Totally in love with Maddy Kettle: The Adventure of the Thimblewitch

Beautiful, whimsical, enchanting, playful. I tore through Maddy Kettle: The Adventure of the Thimblewitch and needed to see more; there simply isn’t enough of author-illustrator Eric Orchard’s work. Unfortunately, a scrounge around the web revealed little more than some old interviews and that he graduated from the Nova Scotia College of Art and Design (does he earns points just for being Canadian?). Online, he is frequently referred to as “an up-and-coming illustrator.” I think it’s safe to say that he has arrived.


Maddy is an Arizona girl (holla!) who needs to turn her parents, currently an adorable pair of kangaroo rats, back into humans. Her adventures lead her to fantastical creatures, magical machinery, and delightful surprises. Some scenes are reminiscent of Dorothy visiting Oz.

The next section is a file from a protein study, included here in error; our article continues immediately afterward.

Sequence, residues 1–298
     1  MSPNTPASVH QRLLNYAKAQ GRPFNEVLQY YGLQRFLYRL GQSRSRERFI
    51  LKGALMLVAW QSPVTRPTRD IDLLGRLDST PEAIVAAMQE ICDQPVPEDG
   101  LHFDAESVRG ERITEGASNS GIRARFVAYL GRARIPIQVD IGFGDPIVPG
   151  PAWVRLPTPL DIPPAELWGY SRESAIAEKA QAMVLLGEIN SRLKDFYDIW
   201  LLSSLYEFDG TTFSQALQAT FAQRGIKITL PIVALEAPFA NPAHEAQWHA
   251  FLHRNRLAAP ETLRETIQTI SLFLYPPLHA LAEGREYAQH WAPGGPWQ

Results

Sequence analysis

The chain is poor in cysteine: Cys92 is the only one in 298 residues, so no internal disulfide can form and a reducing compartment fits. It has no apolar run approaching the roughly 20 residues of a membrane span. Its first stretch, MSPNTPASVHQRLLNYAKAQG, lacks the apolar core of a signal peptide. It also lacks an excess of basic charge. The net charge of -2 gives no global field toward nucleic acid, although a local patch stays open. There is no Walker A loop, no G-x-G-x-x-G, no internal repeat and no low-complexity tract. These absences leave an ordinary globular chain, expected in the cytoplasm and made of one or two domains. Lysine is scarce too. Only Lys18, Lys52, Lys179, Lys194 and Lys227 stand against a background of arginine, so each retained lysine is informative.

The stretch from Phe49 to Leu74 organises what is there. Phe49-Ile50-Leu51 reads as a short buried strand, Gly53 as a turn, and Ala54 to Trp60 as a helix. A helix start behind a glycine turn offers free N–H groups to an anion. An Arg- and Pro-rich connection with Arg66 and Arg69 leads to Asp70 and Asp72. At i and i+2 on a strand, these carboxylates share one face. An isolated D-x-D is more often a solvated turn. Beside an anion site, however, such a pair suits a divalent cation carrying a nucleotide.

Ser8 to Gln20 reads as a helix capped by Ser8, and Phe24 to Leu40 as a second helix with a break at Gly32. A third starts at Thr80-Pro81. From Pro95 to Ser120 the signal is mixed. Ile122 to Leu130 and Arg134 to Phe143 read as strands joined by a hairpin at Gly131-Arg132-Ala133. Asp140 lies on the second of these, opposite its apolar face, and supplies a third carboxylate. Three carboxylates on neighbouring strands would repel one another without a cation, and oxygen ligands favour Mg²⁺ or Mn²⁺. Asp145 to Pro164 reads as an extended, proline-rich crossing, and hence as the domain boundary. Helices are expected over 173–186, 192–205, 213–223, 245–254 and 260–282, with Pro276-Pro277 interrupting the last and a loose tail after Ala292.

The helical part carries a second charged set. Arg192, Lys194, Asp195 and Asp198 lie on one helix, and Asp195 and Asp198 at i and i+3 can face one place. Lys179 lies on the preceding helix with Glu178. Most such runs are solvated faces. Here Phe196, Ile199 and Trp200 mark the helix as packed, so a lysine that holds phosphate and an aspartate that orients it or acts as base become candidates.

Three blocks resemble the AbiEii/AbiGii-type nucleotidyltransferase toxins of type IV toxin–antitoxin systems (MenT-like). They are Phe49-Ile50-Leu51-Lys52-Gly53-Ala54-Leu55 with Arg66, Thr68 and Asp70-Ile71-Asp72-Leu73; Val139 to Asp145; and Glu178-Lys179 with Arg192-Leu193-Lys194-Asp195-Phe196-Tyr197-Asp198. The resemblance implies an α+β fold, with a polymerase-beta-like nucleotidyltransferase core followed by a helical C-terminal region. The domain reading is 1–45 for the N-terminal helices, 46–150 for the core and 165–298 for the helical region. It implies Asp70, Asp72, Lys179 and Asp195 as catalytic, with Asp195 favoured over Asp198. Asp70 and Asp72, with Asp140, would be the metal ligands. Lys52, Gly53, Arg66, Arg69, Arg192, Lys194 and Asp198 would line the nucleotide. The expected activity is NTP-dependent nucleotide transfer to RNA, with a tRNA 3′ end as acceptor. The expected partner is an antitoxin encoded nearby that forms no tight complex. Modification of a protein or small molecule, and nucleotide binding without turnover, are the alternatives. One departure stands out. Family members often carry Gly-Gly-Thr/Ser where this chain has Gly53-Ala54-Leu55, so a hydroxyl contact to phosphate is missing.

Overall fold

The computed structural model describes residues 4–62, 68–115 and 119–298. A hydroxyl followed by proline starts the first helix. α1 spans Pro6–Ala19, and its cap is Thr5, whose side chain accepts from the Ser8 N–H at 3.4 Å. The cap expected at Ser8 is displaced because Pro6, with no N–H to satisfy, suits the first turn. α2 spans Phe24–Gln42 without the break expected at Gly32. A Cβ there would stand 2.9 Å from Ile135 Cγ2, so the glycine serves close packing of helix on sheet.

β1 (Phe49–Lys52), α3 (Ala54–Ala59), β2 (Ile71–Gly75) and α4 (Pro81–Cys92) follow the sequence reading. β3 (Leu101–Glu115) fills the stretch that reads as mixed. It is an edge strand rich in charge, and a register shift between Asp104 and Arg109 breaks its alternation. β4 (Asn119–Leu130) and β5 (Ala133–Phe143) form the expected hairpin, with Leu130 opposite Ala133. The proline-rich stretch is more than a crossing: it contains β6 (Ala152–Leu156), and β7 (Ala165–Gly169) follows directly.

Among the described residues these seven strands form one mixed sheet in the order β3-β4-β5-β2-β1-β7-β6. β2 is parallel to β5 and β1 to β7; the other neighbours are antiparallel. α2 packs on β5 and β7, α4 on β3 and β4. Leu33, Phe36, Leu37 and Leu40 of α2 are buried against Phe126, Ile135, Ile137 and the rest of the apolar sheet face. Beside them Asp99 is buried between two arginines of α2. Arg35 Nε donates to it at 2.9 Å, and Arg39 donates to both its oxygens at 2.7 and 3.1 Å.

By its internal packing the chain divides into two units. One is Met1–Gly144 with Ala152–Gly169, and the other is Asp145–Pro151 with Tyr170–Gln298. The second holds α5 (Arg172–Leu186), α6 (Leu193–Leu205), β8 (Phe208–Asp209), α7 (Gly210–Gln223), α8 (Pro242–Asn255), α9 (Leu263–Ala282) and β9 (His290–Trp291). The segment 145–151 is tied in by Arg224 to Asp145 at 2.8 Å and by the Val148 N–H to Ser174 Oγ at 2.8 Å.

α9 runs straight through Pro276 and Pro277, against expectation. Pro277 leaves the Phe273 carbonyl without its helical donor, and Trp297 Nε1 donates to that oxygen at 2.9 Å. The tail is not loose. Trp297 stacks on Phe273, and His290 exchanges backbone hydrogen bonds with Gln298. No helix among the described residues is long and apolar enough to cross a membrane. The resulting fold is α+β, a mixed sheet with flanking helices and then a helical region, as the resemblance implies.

Others, of Jules Verne and H.G. Wells—a steampunk aesthetic quietly seeps into many frames.

Besides the talent and skill with the individual illustrations, the momentum between frames is what takes this book to another level. Look at this page: a chain reaction from the first frame causes the banjo string to snap in the second, a zoom out in the third frame flavours the entire page with humour and drama, and now we know why Maddy is looking down in frames four and five.

Yes, this is a children’s graphic novel. But it is more than that. It is a work of art. I want it for my (future) children. But I also want it for me.

(note: I received this as an ARC ebook for free, but that didn’t affect my opinions stated here)

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